• South Korean and U.S. forces have remained on alert for a possible North Korean missile test.

April 17, 2013

  • North Korea denounced a 15 April anti-North Korea protest held in Seoul, demanding an apology from the South Korean government. However, it does not appear that this incident will affect the current nature of relations between the two countries.
  • Overall, though, the amount of bellicose rhetoric from the North Koreans has quieted in recent days. A missile test is still anticipated, but the celebration of Kim Il-Sung's birthday on Monday passed without incident.

April 15, 2013

  • North Korea celebrated the birthday of founder Kim Il-Sung on 15 April, one of the most important dates on the country's calendar. Leader Kim Jong-Un made his first public appearance in two weeks to pay tribute.
  • Although North Korea launched a missile test around the time of Kim's birthday last year, no such test took place over the weekend. However, North Korean missiles remain in position, and we continue to expect a test in the near future. The South Korean and United States militaries have continued to remain on alert due to the likelihood of such a test.

April 12, 2013

  • Intelligence sources suggest that a missile test is possible soon, probably within the next week, as the North Korean regime celebrates the birthday of founder Kim Il-Sung.
  • U.S. Secretary of State John Kerry visited Seoul earlier today as part of an Asia trip to reiterate U.S. support for South Korea and Japan in the face of continued rhetoric from the North. Kerry is scheduled to visit China on 13 April and Japan on 14 April.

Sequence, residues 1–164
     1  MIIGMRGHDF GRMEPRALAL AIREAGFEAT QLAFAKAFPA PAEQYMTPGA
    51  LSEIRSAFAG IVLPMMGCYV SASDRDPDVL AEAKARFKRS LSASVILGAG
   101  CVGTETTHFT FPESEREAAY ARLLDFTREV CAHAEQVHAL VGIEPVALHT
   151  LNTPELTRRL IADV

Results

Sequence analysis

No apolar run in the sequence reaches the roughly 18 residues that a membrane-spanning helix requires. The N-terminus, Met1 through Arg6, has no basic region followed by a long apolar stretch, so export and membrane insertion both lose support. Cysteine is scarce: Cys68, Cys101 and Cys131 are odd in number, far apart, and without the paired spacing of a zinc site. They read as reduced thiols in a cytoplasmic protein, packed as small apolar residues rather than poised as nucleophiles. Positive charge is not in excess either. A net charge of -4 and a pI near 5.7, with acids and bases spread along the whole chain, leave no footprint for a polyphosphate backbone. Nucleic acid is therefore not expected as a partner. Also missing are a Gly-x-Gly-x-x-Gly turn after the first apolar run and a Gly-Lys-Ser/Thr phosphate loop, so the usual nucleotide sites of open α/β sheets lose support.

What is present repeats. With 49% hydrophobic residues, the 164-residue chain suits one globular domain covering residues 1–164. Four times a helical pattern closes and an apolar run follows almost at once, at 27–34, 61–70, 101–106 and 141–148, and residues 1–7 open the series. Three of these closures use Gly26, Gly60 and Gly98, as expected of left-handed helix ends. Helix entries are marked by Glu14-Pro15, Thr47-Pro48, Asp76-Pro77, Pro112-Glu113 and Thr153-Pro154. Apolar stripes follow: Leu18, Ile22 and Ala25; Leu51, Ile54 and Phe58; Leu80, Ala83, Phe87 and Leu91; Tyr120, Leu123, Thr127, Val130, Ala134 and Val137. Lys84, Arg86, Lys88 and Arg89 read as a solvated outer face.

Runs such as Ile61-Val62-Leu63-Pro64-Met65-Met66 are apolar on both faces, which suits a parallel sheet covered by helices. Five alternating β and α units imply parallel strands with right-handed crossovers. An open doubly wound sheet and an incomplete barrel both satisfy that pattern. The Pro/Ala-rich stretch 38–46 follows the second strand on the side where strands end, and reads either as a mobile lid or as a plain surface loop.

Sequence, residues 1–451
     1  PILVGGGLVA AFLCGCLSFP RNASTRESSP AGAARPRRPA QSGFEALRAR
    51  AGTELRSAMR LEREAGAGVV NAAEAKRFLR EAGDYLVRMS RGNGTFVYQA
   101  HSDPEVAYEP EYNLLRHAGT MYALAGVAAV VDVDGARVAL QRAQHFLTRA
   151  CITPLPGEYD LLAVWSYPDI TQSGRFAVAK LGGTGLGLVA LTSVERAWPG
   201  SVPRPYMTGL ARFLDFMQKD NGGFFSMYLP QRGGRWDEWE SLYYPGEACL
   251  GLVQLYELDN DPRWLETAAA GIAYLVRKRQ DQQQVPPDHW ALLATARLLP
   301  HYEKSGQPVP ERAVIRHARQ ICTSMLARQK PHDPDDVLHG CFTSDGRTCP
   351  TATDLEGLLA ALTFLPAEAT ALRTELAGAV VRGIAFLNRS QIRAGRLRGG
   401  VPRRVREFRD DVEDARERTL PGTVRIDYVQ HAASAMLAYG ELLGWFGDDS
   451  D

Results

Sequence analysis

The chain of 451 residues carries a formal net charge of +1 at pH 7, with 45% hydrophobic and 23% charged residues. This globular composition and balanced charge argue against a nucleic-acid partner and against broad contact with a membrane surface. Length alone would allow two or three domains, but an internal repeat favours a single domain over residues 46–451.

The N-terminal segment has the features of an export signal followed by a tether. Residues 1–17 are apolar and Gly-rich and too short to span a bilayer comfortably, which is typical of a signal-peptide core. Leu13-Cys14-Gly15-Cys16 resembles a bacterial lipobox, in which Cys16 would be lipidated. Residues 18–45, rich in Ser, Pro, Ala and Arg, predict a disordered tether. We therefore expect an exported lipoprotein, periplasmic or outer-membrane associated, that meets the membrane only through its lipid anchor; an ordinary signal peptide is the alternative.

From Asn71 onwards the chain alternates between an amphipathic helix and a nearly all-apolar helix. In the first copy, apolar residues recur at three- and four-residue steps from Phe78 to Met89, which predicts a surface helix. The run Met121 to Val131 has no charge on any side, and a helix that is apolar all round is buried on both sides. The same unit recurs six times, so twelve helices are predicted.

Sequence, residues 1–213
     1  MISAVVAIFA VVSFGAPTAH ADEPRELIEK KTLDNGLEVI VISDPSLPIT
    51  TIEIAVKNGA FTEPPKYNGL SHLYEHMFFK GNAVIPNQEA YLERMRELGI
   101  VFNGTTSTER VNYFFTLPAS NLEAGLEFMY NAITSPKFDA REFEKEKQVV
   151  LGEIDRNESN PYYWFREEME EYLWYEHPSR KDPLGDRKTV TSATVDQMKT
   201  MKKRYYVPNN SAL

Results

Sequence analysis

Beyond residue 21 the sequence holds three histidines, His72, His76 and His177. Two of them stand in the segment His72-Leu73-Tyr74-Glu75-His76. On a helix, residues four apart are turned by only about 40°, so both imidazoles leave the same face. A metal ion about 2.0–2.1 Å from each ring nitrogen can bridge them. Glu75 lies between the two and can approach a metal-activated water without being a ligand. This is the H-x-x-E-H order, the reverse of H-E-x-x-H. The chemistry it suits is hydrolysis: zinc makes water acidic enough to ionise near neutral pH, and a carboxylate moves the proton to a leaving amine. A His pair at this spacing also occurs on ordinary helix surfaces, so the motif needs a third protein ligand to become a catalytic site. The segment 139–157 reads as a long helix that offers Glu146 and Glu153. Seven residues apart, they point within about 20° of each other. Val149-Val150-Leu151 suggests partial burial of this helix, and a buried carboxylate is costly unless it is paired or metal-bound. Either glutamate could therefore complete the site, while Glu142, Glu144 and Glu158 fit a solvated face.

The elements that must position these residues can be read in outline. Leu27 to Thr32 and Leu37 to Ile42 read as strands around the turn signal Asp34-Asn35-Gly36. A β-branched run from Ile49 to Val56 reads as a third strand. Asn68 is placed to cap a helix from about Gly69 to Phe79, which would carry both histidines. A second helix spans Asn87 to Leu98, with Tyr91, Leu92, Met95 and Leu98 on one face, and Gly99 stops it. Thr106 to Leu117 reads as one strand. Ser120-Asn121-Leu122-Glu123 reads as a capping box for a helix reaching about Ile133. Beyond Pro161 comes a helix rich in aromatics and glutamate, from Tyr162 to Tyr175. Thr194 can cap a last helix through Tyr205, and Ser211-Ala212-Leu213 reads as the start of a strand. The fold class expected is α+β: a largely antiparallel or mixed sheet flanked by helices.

• Some governments have urged their citizens in South Korea to have travel documents ready in case an evacuation becomes necessary, but no government has yet advised against travel to the country.

Prior to April 12, 2013

  • There were no substantive changes to the ongoing situation in Korea. The South Korean and United States militaries have continued to maintain a high alert status, as a North Korean missile test is expected in the coming days.
  • The South Korean defense ministry raised its alert level to "vital threat" due to reports indicating that North Korea has prepared for a new missile test. The alert level calls for increased surveillance and monitoring of North Korean activity.
  • While a missile test is likely, North Korea has carried out similar tests in the past during periods of tension and such a test is unlikely to have any short-term military significance.
  • Despite rhetoric from the North Korean government, the State Department does not see any threat to U.S. citizens or diplomatic facilities in South Korea, and it has not issued any new travel security warnings.
  • North Korea issued a warning on 9 April 2013 to foreigners in South Korea to leave stating that it does not wish to harm foreign visitors in the event of a war on the peninsula.
  • Despite the warning, reports indicate that the situation in Seoul is normal. There have been no changes to flight schedules, and schools catering to the international community remained open.
  • To our knowledge, no major foreign agency in South Korea has evacuated personnel or urged non-essential staff to depart. Foreign embassies have also not issued any statements urging their citizens to depart or to avoid travel to South Korea.


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Global Volcanic Ash Advisory Centers (VAAC)


Start your trip right.

Join forces with over 8,200 flight departments who already trust and depend on Colt International for fuel, trip support, and insurance.

Contact Colt Today!